As far as I am concerned HIPAA has added another layer of useless paperwork on to the backs of physicians, and I particularly resent the cost it has added to primary care. Therefore, I was excited to see an article on HIPAA myths. Below is my summary of HIPAA myth bustin’:
Myth 1: You can’t have a sign in sheet. Yes, you can. You must limit the amount of patient information on the list. E.g. don’t have the chief complaint.
Myth 2: You may not say a patient’s name out loud in front of other people. Again, say the name, but use the minimal amount of information, rather than, “Mrs. Dysmenorrhea, Dr. Strangelove is ready for your pap test.”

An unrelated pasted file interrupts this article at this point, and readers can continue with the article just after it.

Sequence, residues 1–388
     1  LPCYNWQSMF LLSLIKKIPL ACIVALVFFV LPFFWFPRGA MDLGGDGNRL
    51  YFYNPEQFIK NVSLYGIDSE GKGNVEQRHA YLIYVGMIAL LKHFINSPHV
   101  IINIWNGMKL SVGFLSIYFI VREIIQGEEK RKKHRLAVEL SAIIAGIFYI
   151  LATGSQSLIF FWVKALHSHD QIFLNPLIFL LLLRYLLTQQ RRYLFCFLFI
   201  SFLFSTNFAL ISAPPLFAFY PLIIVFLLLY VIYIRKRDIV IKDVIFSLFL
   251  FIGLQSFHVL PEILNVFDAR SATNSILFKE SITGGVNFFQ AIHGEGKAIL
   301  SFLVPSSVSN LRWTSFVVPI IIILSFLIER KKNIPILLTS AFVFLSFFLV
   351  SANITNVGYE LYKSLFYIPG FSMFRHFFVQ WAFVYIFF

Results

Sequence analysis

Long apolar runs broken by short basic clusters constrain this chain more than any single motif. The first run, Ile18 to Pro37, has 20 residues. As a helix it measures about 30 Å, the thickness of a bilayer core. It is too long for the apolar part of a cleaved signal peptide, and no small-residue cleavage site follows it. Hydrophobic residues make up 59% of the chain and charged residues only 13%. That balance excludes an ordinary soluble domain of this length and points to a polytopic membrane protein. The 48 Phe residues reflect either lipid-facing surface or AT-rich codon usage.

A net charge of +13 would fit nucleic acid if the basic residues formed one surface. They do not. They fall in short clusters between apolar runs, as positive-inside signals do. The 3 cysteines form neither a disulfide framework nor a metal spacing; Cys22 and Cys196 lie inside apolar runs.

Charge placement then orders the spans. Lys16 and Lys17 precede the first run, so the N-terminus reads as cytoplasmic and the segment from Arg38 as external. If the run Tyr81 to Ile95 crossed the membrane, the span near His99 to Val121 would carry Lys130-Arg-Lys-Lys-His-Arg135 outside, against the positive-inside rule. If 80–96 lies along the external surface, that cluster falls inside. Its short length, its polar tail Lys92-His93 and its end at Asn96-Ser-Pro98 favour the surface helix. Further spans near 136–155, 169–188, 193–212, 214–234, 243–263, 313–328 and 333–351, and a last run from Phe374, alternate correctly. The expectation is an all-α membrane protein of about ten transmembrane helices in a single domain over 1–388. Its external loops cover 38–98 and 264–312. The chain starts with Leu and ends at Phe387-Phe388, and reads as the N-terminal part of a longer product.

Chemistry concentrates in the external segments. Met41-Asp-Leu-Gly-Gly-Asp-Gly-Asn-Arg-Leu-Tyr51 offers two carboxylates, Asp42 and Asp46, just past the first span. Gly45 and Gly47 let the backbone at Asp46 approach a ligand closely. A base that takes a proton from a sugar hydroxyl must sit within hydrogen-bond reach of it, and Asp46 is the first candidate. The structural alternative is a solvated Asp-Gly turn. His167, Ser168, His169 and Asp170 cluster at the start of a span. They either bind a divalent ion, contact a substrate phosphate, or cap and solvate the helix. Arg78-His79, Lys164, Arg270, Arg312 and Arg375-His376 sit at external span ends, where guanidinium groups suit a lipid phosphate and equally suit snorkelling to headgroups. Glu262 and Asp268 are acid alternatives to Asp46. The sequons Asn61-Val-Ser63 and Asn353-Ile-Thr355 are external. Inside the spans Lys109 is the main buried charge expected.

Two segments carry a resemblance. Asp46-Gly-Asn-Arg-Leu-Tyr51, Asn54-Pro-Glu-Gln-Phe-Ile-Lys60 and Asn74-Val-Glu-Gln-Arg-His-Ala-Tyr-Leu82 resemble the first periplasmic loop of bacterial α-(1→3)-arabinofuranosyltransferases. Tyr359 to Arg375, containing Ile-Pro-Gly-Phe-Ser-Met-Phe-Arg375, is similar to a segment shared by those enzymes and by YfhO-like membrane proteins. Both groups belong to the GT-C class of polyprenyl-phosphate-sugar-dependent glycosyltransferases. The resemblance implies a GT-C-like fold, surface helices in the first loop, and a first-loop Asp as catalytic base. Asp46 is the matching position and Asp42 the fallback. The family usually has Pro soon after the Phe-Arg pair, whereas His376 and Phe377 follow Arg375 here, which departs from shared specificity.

Myth 3: Patients may sue you for non-compliance. No, but HHS (Health and Human Services) recently fined a home care company for a major security breach. Moral: be especially careful with laptops, pdas etc.
Myth 4: Patients are entitled to a free copy of their medical records. They are certainly entitled to the records, but not for free. The cost to the patient may include the cost of labor to copy the records, as well as the cost of supplies and postage.
Myth 5: You may not use a fax to send protected patient information. Not true, grass hopper! Faxes must be sent to known locations, from secure machines, with the number pre-programmed to reduce dialing errors. The cover sheet must contain a request to destroy the information should it go to an incorrect destination.
So, be safe out there. And yes, we can finally say our patients’ names again.